X-ray tubes were imported from Germany. We feared that the outbreak of World War I in 1914 would stop the import. "Tokyo Denki K.K, later Toshiba K.K." quickly developed a gas tube "Giba tube, type E", the first domestic product in 1915. Since then, Shimadzu has made X-ray equipment, while Tokyo Denki has made X-ray tubes. But, Tokyo Denki failed to make enough number Giba tubes. So, it acquired the exclusive sales right of the U.S. GE-made "Coolidge tube" in 1916, selling both Giba and Coolidge tubes. In 1920, Tokyo Denki became licensed to make the Coolidge tube in Japan. (In 1923, however, the Tokyo Denki factory was totally destroyed by the Great Kanto Earthquake, resulting in temporary suspension of production of X-ray tube.)

At the end of the Taisho era (1912-1926), Toshiba investigated foreign products and succeeded in the trial production of the Coolidge tube of complete X-ray shielding type. This was called a Japanix tube and was produced commercially in 1930. Tokyo Denki in the Kanto area and Shimadzu in the Kansai area had an agreement. X-ray tubes were to be supplied by Tokyo Denki, while X-ray equipment was to be supplied by Shimadzu. In 1930, however, Toshiba also started to make X-ray equipment, and the above-mentioned agreement lapsed.

1-2. Into the Showa era (1926-1989)

At the beginning of the Showa era, we saw active development and improvement of X-ray equipment, especially of X-ray tubes. In 1929, Philips in Holland succeeded in making Rotalix (X-ray tube of a rotating anode type). This invention triggered the technical innovation of X-ray tubes globally. The era of the rotating anode type tube began. In Japan, Shimadzu and Tokyo Denki advanced the research and development of X-ray tubes.

In 1929, Toshiba started to import the U.S. Victor product. In 1930, it developed dental X-ray equipment, partially incorporating the imported components. Toshiba's own X-ray equipment was rated at 75 kV and 100 mA.

In 1967, "The History of Shimadzu Corp." was published, which described the development of the rotating anode type tube as follows. In 1950, the company received a grant from the Ministry of Education for scientific research and started development. In 1951, it produced a prototype. In April 1951, it displayed the product at the exhibition of Japan Radiology Congress. After subsequent improvement, in 1954, the company named the product "CIRCLEX" and started a full-scale sale.

On the other hand, in 1938, Toshiba made and marketed an air-cooling rotating anode X-ray tube "Mazda SP-RA", which was named "Rotanode", because Rotalix was the trademark of Philips. Although improvement efforts were stepped up actively after that, every activity was stopped by the outbreak of the Pacific War. Moreover, the factory buildings were burned down by an air raid, and all the research and production was suspended. It was in 1949 that Toshiba completed a rotating anode X-ray tube oil immersion type "XDO-R-70" and started production of a tube of full-scale oil immersion type.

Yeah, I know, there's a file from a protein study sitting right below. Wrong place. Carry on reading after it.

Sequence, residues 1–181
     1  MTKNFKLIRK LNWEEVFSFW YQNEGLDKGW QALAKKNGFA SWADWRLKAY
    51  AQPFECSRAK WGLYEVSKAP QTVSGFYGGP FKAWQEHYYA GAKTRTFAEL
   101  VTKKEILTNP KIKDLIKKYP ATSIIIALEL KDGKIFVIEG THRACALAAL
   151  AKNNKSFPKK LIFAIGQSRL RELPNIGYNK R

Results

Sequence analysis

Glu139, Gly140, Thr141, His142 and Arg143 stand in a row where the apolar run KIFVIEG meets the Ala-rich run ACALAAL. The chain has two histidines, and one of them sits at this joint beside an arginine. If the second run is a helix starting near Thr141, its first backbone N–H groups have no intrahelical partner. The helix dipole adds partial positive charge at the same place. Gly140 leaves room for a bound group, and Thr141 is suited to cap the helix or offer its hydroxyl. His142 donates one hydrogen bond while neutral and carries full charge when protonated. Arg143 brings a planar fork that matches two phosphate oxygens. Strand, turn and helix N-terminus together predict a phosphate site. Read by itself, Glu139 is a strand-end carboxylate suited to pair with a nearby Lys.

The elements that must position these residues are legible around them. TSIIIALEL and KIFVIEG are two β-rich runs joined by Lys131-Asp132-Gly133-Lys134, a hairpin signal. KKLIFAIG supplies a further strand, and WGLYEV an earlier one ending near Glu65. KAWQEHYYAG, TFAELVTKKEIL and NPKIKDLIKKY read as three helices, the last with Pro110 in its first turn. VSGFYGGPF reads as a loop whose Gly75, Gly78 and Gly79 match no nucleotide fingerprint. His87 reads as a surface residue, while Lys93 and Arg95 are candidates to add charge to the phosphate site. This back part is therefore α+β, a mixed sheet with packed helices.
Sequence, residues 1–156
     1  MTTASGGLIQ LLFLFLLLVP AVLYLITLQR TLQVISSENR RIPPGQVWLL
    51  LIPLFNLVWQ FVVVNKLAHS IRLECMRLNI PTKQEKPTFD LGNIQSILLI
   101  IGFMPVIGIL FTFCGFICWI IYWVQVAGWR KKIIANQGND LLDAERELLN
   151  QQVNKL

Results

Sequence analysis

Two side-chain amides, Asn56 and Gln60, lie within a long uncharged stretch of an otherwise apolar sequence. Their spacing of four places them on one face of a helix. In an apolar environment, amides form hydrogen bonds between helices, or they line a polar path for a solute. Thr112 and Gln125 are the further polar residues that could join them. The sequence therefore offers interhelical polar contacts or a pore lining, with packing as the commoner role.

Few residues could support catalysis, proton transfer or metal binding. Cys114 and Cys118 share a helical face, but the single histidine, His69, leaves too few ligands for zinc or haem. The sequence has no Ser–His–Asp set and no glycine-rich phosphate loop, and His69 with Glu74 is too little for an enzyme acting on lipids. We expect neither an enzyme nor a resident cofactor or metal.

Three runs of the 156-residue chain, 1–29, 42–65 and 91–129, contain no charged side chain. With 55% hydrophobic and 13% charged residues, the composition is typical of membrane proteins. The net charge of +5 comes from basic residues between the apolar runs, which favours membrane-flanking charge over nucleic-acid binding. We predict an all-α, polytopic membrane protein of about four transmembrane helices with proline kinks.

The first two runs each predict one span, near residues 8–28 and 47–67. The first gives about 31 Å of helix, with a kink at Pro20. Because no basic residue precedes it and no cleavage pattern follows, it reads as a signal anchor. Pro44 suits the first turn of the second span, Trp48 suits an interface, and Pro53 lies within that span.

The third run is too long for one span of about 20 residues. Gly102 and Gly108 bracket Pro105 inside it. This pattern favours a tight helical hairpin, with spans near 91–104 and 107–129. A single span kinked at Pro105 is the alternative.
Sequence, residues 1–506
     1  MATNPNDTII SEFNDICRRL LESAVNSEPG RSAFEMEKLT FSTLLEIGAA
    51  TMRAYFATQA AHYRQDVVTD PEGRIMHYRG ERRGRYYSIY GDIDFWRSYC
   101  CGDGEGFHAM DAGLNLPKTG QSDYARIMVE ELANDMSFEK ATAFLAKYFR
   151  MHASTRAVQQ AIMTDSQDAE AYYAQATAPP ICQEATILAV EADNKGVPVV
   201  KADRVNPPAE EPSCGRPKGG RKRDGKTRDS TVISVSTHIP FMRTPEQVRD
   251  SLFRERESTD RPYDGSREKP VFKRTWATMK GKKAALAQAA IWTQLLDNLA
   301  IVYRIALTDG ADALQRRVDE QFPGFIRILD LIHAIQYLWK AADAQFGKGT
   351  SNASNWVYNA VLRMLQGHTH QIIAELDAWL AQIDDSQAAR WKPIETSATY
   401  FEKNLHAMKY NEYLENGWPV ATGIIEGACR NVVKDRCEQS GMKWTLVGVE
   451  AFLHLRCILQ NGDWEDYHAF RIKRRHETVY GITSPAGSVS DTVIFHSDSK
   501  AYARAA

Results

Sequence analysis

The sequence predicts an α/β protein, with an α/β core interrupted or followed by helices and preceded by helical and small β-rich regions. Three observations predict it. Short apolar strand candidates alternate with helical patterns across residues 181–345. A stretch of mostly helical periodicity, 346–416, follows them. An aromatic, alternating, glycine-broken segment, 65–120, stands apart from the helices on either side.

1-3. Change of postwar Japanese society and development of X-ray tube

Before and during the war, the morbidity of tuberculosis was so high that it was called a national disease in Japan. Soon after the end of the war, the morbidity was decreased through mass chest screening, where we used the capacitor discharge type X-ray equipment. For this equipment, we developed a new, small triode X-ray tube (DR-66, 67), which was effective to exterminate tuberculosis.

After that, the morbidity of stomach cancer increased, and it was called the second national disease. We needed mass stomach screening at the early stage of disease. For this purpose, we developed a medium sized Rotanode for examination of digestive organs, and it was widely used. But, we had several technical problems. The tube for mass stomach screening was used for a long time under heavy loading conditions. The same problem of heavy load occurred later when we developed cinematographic X-ray examination for cardiovascular diagnosis. The age of the heavy-load tube came with the increasing demand and popularity.

In the oversea market, such a heavy-load tube was already popular. The specification was standardized for a small focus, large electric current and large heat capacity. The diameter of rotating anode target should be 125 mm and the heat capacity should be 500 kHU. If the target of 125 mm in diameter rotates at the speed of 10,000 rpm, then the circumferential speed will reach of 250 km/h. The target will be heated due to friction, resulting in trouble in the rotating mechanism such as the bearings. The rotation noise will be loud and rotation will sometimes even stop. The most important challenge was how to develop a new tube to cope with the high-tech cardiovascular radiology.

1-4. Demand for large heat capacity and countermeasure for new requirements

In 1978, we developed a fixed anode type X-ray tube CT-111. This was used for head CT and whole-body CT examination. It was the beginning of the age of CT. In the same year, the total number of Rotanode tubes produced reached 100,000. According to the rate of cardiovascular X-ray equipment becoming popular, the demand for X-ray tube of larger heat capacity increased. We developed a tube of 400 kHU and then 500 kHU with a target of 125 mm in diameter, and opened the market of large-capacity tubes. The 125 mm Rotanode was also useful for the magnified stereoscopic radiography of cerebral blood vessels, before the 3D CT image became popular.

In order to meet the increasing demand and to achieve technical innovation and modernization of the production system, we moved the X-ray tube factory in 1987. We moved from Horikawa-cho Works located in Kawasaki City to Nasu Electronic Tube Works that was newly built in Tochigi Pref.